I managed to get a large private sponsorship this year partly on the basis of an evening 10 mile time trial result a few years ago where I beat British champion Michael Hutchinson by a single second!

PEZ: You wrote in your blog that you weren’t that impressed with Sr. Ballan.
DMc: Some riders are just so physically talented they never seem to learn the other parts of being a bike rider.

I’m the opposite of these people, if anything I over think what I am doing, efficiency and tactics are a necessity for me.

Ballan, the Schlecks and Pozzovivo, they could all be so much more than they currently are, I’ll shut up now – totally unjustified arrogance on my part.

PEZ: Who does impress among the Italian pros?
DMc: The riders themselves don’t impress me so much, they are just very good cyclists.

What impresses me about Basso was how he was treated by the Tifosi; at Padania last year he might as well have been the Pope the way they flocked around him.

We just don’t do that in the UK, it’s not in our nature, cycling is far more than just a sport here, its part of the national identity.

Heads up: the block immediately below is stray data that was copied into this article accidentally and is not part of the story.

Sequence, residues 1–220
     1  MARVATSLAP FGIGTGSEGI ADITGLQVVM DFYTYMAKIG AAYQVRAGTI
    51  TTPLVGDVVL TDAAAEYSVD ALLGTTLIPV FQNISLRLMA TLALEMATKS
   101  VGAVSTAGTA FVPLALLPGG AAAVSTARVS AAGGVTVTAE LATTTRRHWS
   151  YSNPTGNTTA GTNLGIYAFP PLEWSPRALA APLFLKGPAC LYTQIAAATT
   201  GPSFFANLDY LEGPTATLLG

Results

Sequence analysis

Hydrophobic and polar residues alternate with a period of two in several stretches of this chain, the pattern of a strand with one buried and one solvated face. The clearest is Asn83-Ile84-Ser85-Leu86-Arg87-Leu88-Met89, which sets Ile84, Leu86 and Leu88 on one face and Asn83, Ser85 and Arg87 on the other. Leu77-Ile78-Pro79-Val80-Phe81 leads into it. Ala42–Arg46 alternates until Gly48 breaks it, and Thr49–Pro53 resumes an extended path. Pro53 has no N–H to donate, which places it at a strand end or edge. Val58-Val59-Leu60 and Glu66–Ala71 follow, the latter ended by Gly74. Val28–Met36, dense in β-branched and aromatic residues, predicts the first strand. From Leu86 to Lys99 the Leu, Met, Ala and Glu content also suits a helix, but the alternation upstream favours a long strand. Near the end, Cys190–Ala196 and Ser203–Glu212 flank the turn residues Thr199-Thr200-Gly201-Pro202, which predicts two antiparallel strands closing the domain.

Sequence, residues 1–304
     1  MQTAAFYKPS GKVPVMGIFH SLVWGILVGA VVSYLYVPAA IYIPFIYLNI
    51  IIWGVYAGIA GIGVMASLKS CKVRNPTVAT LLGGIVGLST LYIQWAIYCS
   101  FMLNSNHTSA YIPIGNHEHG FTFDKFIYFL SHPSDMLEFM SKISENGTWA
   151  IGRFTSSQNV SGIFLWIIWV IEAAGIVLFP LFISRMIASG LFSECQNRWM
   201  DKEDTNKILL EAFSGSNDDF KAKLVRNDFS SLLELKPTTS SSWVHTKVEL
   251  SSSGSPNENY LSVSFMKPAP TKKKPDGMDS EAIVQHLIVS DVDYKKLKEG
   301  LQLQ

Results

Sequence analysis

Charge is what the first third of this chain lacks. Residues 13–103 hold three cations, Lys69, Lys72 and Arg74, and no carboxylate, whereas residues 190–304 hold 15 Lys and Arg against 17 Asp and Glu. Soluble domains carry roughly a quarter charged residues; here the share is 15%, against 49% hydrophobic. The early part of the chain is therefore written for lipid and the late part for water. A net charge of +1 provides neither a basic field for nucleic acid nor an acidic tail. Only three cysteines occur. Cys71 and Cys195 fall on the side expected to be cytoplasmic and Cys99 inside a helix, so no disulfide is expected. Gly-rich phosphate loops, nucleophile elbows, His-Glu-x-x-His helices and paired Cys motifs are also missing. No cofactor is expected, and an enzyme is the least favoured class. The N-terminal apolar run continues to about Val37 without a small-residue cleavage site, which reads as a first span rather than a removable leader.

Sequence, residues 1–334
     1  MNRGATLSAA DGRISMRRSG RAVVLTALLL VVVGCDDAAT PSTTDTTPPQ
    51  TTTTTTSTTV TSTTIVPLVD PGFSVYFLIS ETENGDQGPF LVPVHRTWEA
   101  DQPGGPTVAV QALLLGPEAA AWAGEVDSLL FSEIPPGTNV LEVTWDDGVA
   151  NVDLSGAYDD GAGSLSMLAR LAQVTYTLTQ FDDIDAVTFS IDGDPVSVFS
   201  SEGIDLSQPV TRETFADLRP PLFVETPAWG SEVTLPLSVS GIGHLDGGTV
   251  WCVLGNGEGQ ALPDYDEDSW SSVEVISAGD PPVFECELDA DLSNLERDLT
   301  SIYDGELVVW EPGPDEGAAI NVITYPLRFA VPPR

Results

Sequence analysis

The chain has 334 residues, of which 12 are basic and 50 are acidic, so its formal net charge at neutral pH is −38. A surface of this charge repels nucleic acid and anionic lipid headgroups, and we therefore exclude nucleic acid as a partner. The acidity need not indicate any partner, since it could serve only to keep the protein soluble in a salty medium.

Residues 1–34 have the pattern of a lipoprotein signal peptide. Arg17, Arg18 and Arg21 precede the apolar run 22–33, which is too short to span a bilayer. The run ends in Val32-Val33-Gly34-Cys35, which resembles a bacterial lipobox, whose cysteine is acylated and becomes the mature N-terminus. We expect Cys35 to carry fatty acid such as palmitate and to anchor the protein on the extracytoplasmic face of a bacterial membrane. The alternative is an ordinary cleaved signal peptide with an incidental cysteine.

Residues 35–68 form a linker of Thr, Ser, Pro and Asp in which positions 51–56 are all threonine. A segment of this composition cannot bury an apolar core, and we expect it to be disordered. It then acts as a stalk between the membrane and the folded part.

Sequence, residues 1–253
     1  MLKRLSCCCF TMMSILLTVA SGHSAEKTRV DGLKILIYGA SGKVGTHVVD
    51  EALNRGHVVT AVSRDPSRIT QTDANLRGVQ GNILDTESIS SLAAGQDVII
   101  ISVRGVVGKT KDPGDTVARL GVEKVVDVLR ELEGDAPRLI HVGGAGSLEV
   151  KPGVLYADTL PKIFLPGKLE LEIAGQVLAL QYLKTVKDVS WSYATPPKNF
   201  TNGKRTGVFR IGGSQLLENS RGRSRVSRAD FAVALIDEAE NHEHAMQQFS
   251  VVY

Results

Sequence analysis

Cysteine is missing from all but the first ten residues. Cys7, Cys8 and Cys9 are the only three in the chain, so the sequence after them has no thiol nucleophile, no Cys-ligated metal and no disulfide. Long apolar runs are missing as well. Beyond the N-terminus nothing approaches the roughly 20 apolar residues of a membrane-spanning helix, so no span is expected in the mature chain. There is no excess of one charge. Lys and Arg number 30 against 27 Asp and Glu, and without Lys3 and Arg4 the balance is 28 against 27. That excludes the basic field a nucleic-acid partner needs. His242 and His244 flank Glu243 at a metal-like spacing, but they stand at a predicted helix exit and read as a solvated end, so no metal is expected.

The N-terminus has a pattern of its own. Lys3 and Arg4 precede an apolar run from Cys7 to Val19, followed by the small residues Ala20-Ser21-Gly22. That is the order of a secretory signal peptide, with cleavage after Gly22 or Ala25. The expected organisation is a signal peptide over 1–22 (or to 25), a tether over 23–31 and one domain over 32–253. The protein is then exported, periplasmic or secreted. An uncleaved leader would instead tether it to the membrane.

PEZ: What’s the goal for 2012?
DMc: The season hasn’t gone to plan.

Stolen bikes, many crashes, a smaller racing calendar than expected.

The goalposts keep changing and I’m not setting the bar too high given the big jump up in racing I’ve undergone.

Last year was National B cat races; 2012 is UCI 1.1s.

I would like to do well in either the Tour of Hellas in May or the Tour of Serbia in June, both 2.2.

PEZ: And is it back to university once the two wheeled love affair ends?
DMc: My contract is up in time for the national champs (for which I may not even have a bike), so it may all be over in the next few weeks unless I find another team.

The love affair will never end with the bike, perhaps it will have to with the racing at this level, there is far, far more to me and to cycling than just racing.

So to answer your question – I don’t know.

twitter: @davidmcleancycl